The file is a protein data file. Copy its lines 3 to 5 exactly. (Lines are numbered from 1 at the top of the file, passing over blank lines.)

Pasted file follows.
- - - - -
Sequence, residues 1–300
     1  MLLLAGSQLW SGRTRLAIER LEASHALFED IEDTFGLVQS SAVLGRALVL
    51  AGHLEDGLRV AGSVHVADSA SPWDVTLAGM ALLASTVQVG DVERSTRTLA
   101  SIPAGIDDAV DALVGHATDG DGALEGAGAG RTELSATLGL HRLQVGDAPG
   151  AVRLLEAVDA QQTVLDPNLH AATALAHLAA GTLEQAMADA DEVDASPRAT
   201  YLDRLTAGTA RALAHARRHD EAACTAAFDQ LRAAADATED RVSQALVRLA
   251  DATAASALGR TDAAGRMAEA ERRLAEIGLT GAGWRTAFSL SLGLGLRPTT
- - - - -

    51  AGHLEDGLRV AGSVHVADSA SPWDVTLAGM ALLASTVQVG DVERSTRTLA
   101  SIPAGIDDAV DALVGHATDG DGALEGAGAG RTELSATLGL HRLQVGDAPG
   151  AVRLLEAVDA QQTVLDPNLH AATALAHLAA GTLEQAMADA DEVDASPRAT